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Unlike generations that have come before, baby boomers—those born between 1946 and 1964—are undoubtedly a generation on the move. Staying that way involves eating right, staying fit, and setting aside time for invaluable self-care, like massage and bodywork.
According to the U.S. Centers for Disease Control and Prevention, preventing disease and injury is critical to reducing the expected growth of health-care and long-term care costs, as more than 70 million baby boomers cross the 60-yearold threshold. If you’re wondering how you can stave off the effects of aging, the preventative and restorative nature of massage and bodywork might be just what the body ordered.
• Improves range of motion and decreases low-back pain. • Increases circulation, allowing the body to pump more oxygen and nutrients into tissues and vital organs. • Provides exercise and stretching for atrophied muscles. • Reduces swelling and scar tissue. • Reduces recovery time from injury/surgery. • Reduces stress, a major contributor to disease and ill health. • Releases endorphins, the body’s natural painkiller, thereby reducing the need for medications. • Stimulates lymph flow and supports the body’s natural process of detoxification.
With age, circulation slows and skin loses its vitality. Experts say massage combats these effects by increasing circulation through the manipulation of tissue, improving the appearance and condition of the skin and its elasticity, and toning muscle tissue. Massage has a stimulating cellular function in the hypodermis, dermis, and epidermis layers of the skin and also increases the production of skin-nurturing sebum.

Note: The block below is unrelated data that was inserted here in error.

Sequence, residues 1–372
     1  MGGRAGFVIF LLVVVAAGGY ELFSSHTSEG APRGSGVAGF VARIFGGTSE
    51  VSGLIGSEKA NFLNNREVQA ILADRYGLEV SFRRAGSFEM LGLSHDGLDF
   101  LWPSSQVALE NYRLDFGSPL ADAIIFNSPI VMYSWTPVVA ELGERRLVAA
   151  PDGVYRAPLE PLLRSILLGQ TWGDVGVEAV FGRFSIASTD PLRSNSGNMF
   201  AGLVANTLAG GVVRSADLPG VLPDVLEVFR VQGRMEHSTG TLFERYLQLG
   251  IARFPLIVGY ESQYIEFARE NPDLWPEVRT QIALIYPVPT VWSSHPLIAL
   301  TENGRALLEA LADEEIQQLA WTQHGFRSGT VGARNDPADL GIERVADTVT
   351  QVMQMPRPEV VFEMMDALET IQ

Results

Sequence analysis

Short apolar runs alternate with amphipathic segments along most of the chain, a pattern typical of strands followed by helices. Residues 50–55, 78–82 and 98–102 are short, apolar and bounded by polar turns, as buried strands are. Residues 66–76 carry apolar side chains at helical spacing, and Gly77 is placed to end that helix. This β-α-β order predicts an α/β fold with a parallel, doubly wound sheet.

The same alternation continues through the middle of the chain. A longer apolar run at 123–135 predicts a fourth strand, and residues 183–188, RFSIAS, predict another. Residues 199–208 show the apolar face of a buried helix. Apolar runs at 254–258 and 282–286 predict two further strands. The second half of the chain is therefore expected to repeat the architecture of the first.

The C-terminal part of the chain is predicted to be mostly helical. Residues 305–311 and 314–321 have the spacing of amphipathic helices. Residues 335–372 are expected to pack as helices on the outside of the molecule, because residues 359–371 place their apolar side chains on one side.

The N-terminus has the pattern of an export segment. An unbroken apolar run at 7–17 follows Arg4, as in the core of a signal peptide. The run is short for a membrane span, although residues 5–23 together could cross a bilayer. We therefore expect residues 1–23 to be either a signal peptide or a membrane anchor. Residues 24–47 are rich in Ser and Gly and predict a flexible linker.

Pain is a constant source of grief for an aging body, especially if that body has been abused over time through excess and neglect. Yet, it’s never too late to make amends with your physical self. The passive movement in massage keeps joints more mobile and stimulates the synovial fluid, which lubricates the joints and nourishes the articular cartilage. Massage also prompts the release of endorphins and other pain-reducing neurochemicals.
Did you know that the majority of disease we encounter today is associated with stress? Not only that, stress is a huge factor in premature aging of the body. Researchers say chronic stress ages the body, weakens immune cell function, and can make cells appear up to 17 years older than they really are. Massage deftly attacks stress, while boosting the immune system. Massage encourages the release of oxytocin, a stress-reducing hormone in the body most often associated with birth and bonding, and activates the parasympathetic nervous system and its relaxation response. Massage also decreases beta brainwave activity, increases dopamine and serotonin levels in the body, and reduces cortisol levels, all of which are linked to decreased stress.
Experts predict that one-third of Americans will get arthritis as they age, yet most sufferers may not think of massage when they start to explore which therapies might ease their pain. While it is doubtful an arthritic joint can “heal” completely with massage, it can feel better. And for an arthritis sufferer, better is a welcome word, particularly when there are no side effects involved. According to the Arthritis Foundation, an increasing number of doctors are recommending massage to their arthritis patients to help relieve the pain and stiffness caused by their disease. Massage can increase circulation around painful joints, bringing healing oxygen and nutrients, including amino acids, to rebuild tissue. Many massage therapists report that their arthritic clients find better and longer-lasting relief from massage than from pharmaceuticals.
Information provided courtesy of Associated Bodywork and Massage Professionals www/abmp.com